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Mercedes-Benz Classic to reproduce body panels for the 300 SL “Gullwing”

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Photos courtesy of Daimler Benz.

Though produced for just four years, the W198 Mercedes-Benz 300 SL “Gullwing” coupe had a tremendous and lasting impact on the automotive world. Voted “Sports Car of the Century” by a panel of automotive journalists in December 1999, 300 SL coupes routinely sell at auction for more than $1 million, meaning that the need for accurately produced body panels has not lessened with time.

Enter Mercedes-Benz Classic, which, in conjunction with a key-but-unnamed supplier, has created a range of replacement body panels, developed using a blend of modern technology and old-world craftsmanship. Beginning with three-dimensional scans pulled from original body panels, a metal tool is created to stamp a part as close to the original in shape as possible. Next, these panels are formed into the final shape by hand, using wooden mallets, the same way panel beating has been carried out for generations.

A fender in the stamping tool, awaiting final shaping and painting.

Once shaped, the panels are electrophoretically painted, a process that that involves a cleaning stage, followed by a coating to enhance corrosion resistance and provide a suitable base for the primer, which is applied next. Throughout the process, an electric charge is used to ensure even application of pigment and maximum adhesion.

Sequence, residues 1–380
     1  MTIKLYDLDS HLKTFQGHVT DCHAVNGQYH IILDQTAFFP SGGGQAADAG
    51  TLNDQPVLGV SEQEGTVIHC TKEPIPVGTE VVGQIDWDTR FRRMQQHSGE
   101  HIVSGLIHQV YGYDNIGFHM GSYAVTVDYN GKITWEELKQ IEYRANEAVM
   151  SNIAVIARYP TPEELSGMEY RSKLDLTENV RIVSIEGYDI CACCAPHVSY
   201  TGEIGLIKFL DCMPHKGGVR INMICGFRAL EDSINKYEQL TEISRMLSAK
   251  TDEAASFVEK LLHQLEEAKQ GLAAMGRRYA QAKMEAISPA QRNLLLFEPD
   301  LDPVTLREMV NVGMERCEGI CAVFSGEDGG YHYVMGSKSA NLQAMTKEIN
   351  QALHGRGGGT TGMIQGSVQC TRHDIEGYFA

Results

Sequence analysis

Creating the panels is still a labor-intensive, low-volume process, and prices are commensurate with the value of the 300 SL coupes. Front fenders are priced at €11,900 (roughly $14,255) for either side, while rear panels are priced at €14,875 (roughly $17,820), again for either left or right sides. The rear end center panel is priced at €2,975 (about $3,565), while the rear end floor panel is priced at €8,925 (about $10,690). All panels carry conventional part numbers, and are available through any Mercedes-Benz dealership worldwide.

Attention to detail is key; here, a front fender is checked for dimensional accuracy.

The components are designed to fit as closely to the originals as possible, but the hand-built nature of the 300 SL coupes means that some post-assembly adjustment may be necessary. Compared to crafting patch panels (or entire fenders) by hand, these paint-ready components will certainly expedite restorations, potentially saving owners money – and creating a better end product – in the long run.

Mercedes-Benz Classic has other replacement parts under development as well. Given the ongoing lifespan and timeless appeal of the W198s, the automaker’s efforts to expand its catalog make sound financial sense.